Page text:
Two Gin Cocktails You Need To Try

If you’re a fan of the mixed drink, you may know that the first written definition of a cocktail comes from a newspaper article published in 1806, which describes a ‘cock-tail’ as “…an invigorating drink, comprised of spirits of any kind, sugar, water and bitters.” For those familiar with the ‘Old Fashioned’ cocktail, this goes some way to explaining how the drink got its name.

The name cocktail, naturally, is shrouded in mystery; there are many theories, some even pretty plausible. My preferred story is that mixed-breed horses were often marked by having their tails cut short, thus known as cock-tails. It’s as good an answer as any.

I was a bartender before I joined the wine trade, so spirits and cocktails hold a very special place in my heart. Gin, in particular, has long been a great love of mine. The first is a recipe of my own creation (with which I won a competition for the Gin in question), the second is a variation on a recipe by a former co-conspirator of mine, Jamie MacDonald, which was the tie-breaking drink to win him a trip to Mexico. I had won through an earlier round with a rum drink – which you can read about here.

A Saucy Proposition

50ml Broker’s Gin
25ml Dubonnet
Two barspoons Redcurrant Jelly
3 Dashes Bitter Truth Xocolatl Mole Bitters
Method: Shake over cubed ice and double strain into a chilled antique wine or large sherry glass. Garnish with a sprig of Rosemary and zest with a lemon peel (discard after). Add one dash Xocolatl Mole Bitters on top to finish.


In case you wondered, Xocolatl Mole means Chocolate Sauce.  The concept for the drink came from cooking a sauce for some venison medallions – I’d used red wine, redcurrants and juniper with a tiny bit of 100% cacao to give it a twist.  Roughly translated into cocktail form, you get the above.  The Rosemary garnish isn’t just for show – it has a piney aroma not dissimilar to Juniper, which compliments the gin.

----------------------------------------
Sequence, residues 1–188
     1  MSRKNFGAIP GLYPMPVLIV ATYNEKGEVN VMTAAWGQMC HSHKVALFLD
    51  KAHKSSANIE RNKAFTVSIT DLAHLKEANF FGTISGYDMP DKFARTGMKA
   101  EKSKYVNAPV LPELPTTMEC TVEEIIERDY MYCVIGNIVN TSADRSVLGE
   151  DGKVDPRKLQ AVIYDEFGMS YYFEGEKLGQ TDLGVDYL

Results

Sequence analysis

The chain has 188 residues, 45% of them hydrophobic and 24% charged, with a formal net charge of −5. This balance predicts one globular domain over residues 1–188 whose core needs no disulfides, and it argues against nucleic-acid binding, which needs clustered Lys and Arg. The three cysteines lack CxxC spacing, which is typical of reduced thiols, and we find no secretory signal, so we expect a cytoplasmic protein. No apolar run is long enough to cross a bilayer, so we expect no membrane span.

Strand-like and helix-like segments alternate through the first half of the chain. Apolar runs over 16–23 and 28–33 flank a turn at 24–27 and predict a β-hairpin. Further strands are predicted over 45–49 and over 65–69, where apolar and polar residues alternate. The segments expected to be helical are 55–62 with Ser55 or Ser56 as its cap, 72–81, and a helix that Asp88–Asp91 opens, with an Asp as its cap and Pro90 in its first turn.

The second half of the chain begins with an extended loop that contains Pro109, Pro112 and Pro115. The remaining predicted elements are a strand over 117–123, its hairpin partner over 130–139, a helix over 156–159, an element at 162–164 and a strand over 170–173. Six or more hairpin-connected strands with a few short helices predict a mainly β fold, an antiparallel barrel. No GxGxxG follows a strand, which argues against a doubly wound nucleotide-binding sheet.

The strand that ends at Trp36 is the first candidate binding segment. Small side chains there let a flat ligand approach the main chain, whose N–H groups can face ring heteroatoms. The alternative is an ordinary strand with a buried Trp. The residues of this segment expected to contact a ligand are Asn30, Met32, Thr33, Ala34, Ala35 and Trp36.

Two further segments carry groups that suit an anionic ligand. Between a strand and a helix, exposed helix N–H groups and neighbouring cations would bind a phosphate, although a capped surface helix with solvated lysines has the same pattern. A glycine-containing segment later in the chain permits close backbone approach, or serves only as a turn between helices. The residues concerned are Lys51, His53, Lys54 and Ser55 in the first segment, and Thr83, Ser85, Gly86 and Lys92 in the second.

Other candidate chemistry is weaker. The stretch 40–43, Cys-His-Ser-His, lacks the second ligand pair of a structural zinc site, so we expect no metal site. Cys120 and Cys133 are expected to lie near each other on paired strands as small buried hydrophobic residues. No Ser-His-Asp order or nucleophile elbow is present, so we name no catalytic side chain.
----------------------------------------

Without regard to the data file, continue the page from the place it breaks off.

It comes with a poem, featuring a bastardised version of that famous* Flanders & Swann song ‘The Gnu’. I’m sure they would have approved:

A year ago, last Thursday, I was strolling through the glens,

When I met a ghille who thought he knew the lot.

He was laying down the law about the stalking of the Stag,

And how many, that past year, he had shot.

So I asked him, “What’s the best way to serve?”

He answered, “Oh, cooked well through.”

And I might have gone on thinking that was true.

If the animal in question had not put that man to shame, and said:

“Och no! Rare, in a red wine jus.”

The Modern Cocktail

50ml Pickering’s Gin
20ml Chardonnay (Lightly Oaked, Fruit-driven – such as this)
10ml Sugar Syrup
2 Dashes Boker’s Bitters
Method: Stirred over ice with the peel of a lime, served straight up with a grapefruit twist. Or lemon, if you prefer.


As for Jamie’s inspiration, it harks right back to that old 1806 definition. Spirit, sugar, water (in this case from the ice) and bitters.  Replacing Vermouth with a light and fruity white wine, it updates a classic recipe for something quite simply delicious.  His original recipe called for Tanqueray, however I much prefer the effortlessly floral, piney and herbacious character of Pickering’s.

If you have any cocktail recipes you’d like to share, leave them in the comments below!

You can get some awesome spirits online here, and an even more comprehensive range here.


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